Maybe the key is the Pittsburgh metro. Pittsburgh itself is doing fine, and maybe immediate municipalities are too, but the Monongahela Valley is bombed out and decaying. Even places that aren't decaying and are pretty pleasant, like Butler, still seem like they are stuck-in-time backwaters. That's where there's no growth, or even shrinkage.
People are forgetting that PIT has also grown into an oil and gas town with the shale boom, so the collapse of oil prices probably had an outsized effect compared to similar cities. Cities like Tulsa, OKC, and New Orleans also lagged during that time frame.
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  #33  
Old Posted Nov 6, 2019, 4:40 PM
Obadno Obadno is offline
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Originally Posted by dimondpark View Post
50 States and DC, Job Growth Sep 2010-Sep 2019: California +3,263,000 +22.85%
Texas +2,464,300 +23.70%
Florida +1,883,200 +26.26%
New York +1,259,400 +14.74%
Georgia +771,800 +19.97%
North Carolina +709,300 +18.38%
Washington +674,600 +23.81%
Colorado +569,500 +25.65%
Arizona +569,100 +23.98%
Illinois +568,900 +10.12%
Michigan +568,700 +14.67%
Ohio +549,400 +10.89%
Tennessee +503,300 +19.20%
Massachussetts +461,700 +14.33%
Pennsylvania +412,400 +7.32%
Utah +389,200 +32.87%
Virginia +372,700 +10.20%
New Jersey+372,000 +9.72%
Indiana +370,900 +13.25%
South Carolina +364,800 +20.10%
Oregon +342,300 +21.37%
Minnesota +329,100 +12.49%
Nevada +327,800 +29.46%
Missouri +255,300 +9.57%
Wisconsin +255,300 +9.36%
Maryland +240,800 +9.57%
Alabama +203,500 +10.78%
Kentucky +196,400 +11.13%
Idaho +160,500 +26.65%
Oklahoma +141,800 +9.12%
Iowa +130,200 +8.88%
Arkansas +115,200 +9.89%
Kansas +110,200 +8.29%
Louisiana +104,100 +5.51%
District of Columbia +86,600 +12.12%
Nebraska +85,900 +9.07%
Connecticut +82,300 +5.08%
Mississippi +77,400 +7.08%
Hawaii +77,100 +13.15%
New Hampshire +66,500 +10.67%
New Mexico +65,100 +8.16%
North Dakota +58,100 +15.38%
Montana +55,000 +12.85%
Delaware +51,900 +12.44%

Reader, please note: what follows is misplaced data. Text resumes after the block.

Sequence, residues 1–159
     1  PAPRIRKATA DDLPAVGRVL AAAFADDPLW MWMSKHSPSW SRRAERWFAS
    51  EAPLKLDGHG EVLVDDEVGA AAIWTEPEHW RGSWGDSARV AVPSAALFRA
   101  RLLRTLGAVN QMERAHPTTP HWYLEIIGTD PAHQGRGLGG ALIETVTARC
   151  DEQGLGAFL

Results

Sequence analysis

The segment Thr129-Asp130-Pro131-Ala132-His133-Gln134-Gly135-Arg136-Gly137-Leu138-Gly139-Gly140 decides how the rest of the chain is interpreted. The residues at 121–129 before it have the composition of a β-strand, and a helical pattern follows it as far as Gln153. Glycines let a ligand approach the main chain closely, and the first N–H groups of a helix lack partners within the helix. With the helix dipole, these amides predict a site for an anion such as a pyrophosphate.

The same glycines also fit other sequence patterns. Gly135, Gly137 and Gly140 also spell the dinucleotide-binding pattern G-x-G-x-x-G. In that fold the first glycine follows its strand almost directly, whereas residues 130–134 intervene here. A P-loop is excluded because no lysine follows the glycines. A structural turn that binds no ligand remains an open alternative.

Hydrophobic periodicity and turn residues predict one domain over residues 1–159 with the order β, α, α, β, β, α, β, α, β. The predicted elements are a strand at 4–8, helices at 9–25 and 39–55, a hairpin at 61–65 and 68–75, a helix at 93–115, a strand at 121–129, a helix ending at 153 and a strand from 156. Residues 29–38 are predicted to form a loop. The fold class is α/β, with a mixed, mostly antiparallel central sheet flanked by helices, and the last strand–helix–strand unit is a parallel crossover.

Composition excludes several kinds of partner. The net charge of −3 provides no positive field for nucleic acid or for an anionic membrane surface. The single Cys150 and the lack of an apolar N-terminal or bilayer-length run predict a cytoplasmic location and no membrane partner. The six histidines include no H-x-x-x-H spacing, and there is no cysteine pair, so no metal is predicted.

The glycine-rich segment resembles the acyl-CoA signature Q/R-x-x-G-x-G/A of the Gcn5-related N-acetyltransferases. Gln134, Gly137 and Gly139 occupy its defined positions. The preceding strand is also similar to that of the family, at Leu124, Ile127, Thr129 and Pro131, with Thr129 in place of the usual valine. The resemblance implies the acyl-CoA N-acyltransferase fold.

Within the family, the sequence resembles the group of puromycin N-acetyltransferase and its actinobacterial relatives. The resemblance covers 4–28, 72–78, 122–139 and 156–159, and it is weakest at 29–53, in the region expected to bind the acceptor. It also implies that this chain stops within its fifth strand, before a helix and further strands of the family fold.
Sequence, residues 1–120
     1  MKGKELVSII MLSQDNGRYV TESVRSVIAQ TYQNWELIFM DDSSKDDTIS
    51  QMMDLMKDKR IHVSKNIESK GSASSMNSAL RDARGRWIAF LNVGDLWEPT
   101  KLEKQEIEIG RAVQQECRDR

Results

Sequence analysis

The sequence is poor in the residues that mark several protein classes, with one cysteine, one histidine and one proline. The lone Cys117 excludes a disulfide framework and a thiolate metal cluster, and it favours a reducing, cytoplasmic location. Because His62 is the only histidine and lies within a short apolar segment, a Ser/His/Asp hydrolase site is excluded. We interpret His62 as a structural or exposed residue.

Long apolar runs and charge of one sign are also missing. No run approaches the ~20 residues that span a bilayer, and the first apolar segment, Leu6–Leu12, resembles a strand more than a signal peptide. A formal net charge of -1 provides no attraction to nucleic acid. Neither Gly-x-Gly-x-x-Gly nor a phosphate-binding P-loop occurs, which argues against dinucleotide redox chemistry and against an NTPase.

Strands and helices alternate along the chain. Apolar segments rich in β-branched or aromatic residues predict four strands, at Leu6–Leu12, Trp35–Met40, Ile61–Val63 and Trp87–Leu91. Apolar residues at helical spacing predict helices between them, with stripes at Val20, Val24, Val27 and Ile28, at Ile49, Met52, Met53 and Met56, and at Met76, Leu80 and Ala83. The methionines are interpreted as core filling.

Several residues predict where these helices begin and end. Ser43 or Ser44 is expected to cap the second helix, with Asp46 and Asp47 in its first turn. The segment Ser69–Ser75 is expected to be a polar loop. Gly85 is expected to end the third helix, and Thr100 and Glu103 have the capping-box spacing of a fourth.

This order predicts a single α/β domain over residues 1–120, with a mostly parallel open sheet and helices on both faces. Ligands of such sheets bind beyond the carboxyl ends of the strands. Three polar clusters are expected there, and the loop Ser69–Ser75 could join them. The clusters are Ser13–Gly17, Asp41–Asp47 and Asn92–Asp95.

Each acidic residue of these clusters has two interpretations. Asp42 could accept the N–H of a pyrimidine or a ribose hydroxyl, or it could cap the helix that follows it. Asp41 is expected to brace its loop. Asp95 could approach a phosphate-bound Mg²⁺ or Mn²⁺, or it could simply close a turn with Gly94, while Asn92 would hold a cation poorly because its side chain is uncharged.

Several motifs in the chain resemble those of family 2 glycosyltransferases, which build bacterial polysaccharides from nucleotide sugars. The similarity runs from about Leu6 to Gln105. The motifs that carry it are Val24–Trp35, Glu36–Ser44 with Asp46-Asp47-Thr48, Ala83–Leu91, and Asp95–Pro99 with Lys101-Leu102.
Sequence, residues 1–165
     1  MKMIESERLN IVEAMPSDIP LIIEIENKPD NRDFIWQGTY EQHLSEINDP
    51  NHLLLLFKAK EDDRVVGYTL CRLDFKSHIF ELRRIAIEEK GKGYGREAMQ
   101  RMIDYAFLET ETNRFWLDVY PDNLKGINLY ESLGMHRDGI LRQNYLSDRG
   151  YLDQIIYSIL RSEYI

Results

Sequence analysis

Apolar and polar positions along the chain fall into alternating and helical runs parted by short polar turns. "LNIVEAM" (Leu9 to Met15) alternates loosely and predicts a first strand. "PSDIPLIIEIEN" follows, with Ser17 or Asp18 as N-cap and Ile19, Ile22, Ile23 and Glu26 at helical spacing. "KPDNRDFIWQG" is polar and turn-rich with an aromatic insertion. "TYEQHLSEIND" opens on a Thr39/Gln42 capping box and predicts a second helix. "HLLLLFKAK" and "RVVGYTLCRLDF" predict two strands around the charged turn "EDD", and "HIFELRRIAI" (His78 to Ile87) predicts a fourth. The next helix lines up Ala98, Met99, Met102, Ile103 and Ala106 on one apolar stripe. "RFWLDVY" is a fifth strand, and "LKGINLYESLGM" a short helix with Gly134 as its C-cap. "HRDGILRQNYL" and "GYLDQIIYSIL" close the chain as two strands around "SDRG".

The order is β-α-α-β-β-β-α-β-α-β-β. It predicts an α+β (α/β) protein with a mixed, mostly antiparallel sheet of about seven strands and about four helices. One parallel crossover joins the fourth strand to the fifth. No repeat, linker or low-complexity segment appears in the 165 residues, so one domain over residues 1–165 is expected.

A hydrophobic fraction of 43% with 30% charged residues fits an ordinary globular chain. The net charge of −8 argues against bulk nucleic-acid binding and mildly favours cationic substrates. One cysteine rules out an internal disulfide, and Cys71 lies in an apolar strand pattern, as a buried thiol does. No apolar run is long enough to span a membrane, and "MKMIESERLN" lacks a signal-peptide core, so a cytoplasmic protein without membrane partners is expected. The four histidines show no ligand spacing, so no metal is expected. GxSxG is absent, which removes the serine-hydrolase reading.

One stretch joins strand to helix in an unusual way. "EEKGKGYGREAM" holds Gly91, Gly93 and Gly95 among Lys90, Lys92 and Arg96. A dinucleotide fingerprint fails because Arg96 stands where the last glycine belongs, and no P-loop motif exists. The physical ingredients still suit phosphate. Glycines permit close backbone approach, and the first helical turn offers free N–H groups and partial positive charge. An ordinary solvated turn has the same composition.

Rhode Island +45,100 +9.83%
South Dakota +43,800 +10.83%
Maine +39,000 +6.57%
Vermont +19,300 +6.46%
West Virginia +16,100 +2.24%
Alaska +4,200 +1.28%
Wyoming +2,600 +0.90%
These not being in alphabetical is triggering me, I guess they are in population order.
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  #34  
Old Posted Nov 6, 2019, 4:41 PM
Obadno Obadno is offline
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Originally Posted by LA21st View Post
But I was told California was dying and the economy was in the crapper.
New York too.

Huh.
Your single point of data analysis is truly revolutionary.
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  #35  
Old Posted Nov 6, 2019, 4:48 PM
LA21st LA21st is offline
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I wonder what the response would be if California added only 5-10%.
But facts are facts.

For all the talk about Texas's business friendly jibber jabber, it didn't even gain 1 more percent of job growth than California in 9 years.
I'd figured there would be some kind of landslide, according to certain "facts".

NOPE.
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  #36  
Old Posted Nov 6, 2019, 4:50 PM
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But I was told California was dying and the economy was in the crapper.
Yeah LA-OC-IE and the Bay Area have really delivered jobs this decade.

2010-2019 Job Growth
+1,387,800 LOS ANGELES CSA +20.75%
+1,051,500 SAN FRANCISCO CSA +28.81%

Quote:
Originally Posted by Obadno
These not being in alphabetical is triggering me, I guess they are in population order.
It's ranked by the number of jobs created.
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  #37  
Old Posted Nov 6, 2019, 4:54 PM
LA21st LA21st is offline
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Originally Posted by dimondpark View Post
Yeah LA-OC-IE and the Bay Area have really delivered jobs this decade.

2010-2019 Job Growth
+1,387,800 LOS ANGELES CSA +20.75%
+1,051,500 SAN FRANCISCO CSA +28.81%


It's ranked by the number of jobs created.
Ugh. More facts.
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  #38  
Old Posted Nov 6, 2019, 4:57 PM
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Originally Posted by dimondpark View Post
50 States and DC, Job Growth Sep 2010-Sep 2019: California +3,263,000 +22.85%
Texas +2,464,300 +23.70%
Florida +1,883,200 +26.26%
(...)
Dimond, could you do the same for CSAs above 1 million or so?
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  #39  
Old Posted Nov 6, 2019, 5:28 PM
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Dimond, could you do the same for CSAs above 1 million or so?
When I have time...😀